“only concerned ’bout the ones in my circle / I give zero fucks ’bout the rest.” -Omerettà the Great, For What
This month when rapper, songwriter, and model Omerettà The Great posted a photo array on Twitter that she dubbed “Chocolate Pocahontas,” she unwittingly stepped into a war that Native women fight daily.
The “Princess Pocahontas” myth covers up the real story of Pamunkey Chief Powhatan’s daughter Matoaka – one of kidnap, rape, and colonization. To be clear, we are not talking about Disney sanitizing Grimm’s Fairy Tales to make children’s movies, we’re talking about a real child from a real nation that were both brutalized by colonists. The name alone is enough to set many Native women’s teeth to grinding. Even if you’re not a Pamunkey angered over the larger culture’s erasure of your history, if you are a Native woman then there is a 100% chance you have been reduced and sexualized with the label “Pocahontas.” This is not the title of a Disney movie, or the name from a settler’s Indian Legend, this is a racial epithet.
Omerettà did not understand this when she posted her photo array. Native Twitter (particularly excellent threads from @kima_lynn, @CyborgN8VMari, and @xodanix3 [who has since protected her tweets]) tried to help her understand.
Humility gets people of color walked on, spoken over, and erased; Omerettà is not coming up off being humble. It’s unrealistic to expect a nuanced first response from a twenty-one-year-old with a song called “Zero Fucks” who likes to flip both middle fingers when a camera is aimed at her, particularly on a platform where clapbacks and dragging are often the most enjoyable parts. Further, in a world that called her too dark-skinned and too black, Omerettà had to work to embrace her beauty. It’s a recipe for exactly what happened in her timeline: a lot of noise, accusations, misunderstandings, insults, and blocks.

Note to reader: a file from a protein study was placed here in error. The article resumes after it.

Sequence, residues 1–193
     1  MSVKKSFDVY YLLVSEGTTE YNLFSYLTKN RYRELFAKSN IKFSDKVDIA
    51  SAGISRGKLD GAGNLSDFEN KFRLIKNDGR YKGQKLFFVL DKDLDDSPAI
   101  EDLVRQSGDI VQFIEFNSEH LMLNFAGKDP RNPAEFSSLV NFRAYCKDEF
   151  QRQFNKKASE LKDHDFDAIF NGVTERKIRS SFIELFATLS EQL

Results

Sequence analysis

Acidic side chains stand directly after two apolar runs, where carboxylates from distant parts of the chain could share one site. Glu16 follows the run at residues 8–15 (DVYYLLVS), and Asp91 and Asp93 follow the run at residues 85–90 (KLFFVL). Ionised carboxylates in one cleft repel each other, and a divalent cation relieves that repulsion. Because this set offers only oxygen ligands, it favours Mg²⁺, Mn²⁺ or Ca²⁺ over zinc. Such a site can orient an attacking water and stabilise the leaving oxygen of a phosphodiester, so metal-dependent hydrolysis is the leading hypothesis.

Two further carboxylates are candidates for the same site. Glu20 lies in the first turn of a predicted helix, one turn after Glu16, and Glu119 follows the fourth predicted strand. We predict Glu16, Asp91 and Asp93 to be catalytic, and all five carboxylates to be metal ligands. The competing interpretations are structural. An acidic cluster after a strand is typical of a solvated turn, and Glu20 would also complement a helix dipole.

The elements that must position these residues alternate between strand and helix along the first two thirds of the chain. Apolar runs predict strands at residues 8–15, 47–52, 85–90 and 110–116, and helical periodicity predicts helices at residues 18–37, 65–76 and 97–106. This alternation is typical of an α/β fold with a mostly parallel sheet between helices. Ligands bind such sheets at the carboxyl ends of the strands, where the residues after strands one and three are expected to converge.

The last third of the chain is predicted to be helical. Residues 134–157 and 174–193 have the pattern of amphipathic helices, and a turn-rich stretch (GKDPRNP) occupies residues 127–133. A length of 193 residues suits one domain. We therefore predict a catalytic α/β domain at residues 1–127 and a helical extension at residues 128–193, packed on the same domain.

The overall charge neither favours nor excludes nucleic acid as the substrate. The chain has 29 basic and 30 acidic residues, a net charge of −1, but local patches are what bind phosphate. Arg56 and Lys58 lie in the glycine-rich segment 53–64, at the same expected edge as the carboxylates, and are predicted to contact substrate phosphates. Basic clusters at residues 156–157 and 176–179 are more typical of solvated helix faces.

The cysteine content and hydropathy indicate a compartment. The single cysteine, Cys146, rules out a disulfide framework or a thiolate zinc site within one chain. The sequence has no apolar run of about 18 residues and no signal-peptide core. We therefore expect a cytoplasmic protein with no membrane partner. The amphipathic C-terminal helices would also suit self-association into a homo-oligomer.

White folks attack Natives on Twitter all the time, usually in response to being called out on some settler bullshit. We’ve been accused of being a “mob.” Not really, it’s just that our demographic skews young (read, online a lot) and we follow some of the same people looking for community support. When you misstep on issues we care deeply about and struggle with daily, we will be there to tell you exactly how you messed up. While I don’t think Omerettà’s outfit in this array qualifies as a hyper-sexualized “Indian” image (it’s almost demure by current fashion standards), her use of “Pocahontas” – a word that serves to dehumanize real women living today – does. Is “Pocahontas” why Native women are disproportionately victimized with rape and assault, 86% of the time by non-native men? No… but it’s a contributing factor.
I’ve mostly become numb to white nonsense on Native issues. Well, that’s not true – I still get upset and angry, I feel the sadness that comes from contemplating a gulf that I fear can never be bridged. I guess it’s more accurate to say I’m not surprised when white folks attack Natives online.
While plenty of black folks gently told Omerettà she should rethink her choices, the attacks, derision, and dismissiveness black folks directed toward Natives shocked me.
In the 1960s and 1970s, the American Indian Movement and The Black Panthers worked together. Both organizations wanted freedom, justice, and respect for their people, and together they were a force to be reckoned with. The FBI put a stop to that, of course. So here we are, 40-50 years later, and some black folks have bought the narrative that we’re past and not “real Indians,” and have even bought the settler nonsense that Natives owned slaves.
We all have blind spots. I spend much more time listening and reading than commenting because of mine. I hope this doesn’t come across as some white(-coded) dude policing how a black woman presents herself online. I hope that given time to reflect, Omerettà will learn from this experience. I hope that her fans will see that we in the First Nations are not their enemies. I hope that we will see the Black Lives Matter movement’s support at Standing Rock as the model for a new rebirth of intersectional activism.
And I hope “Pocahontas” will be recognized as the settler myth she is.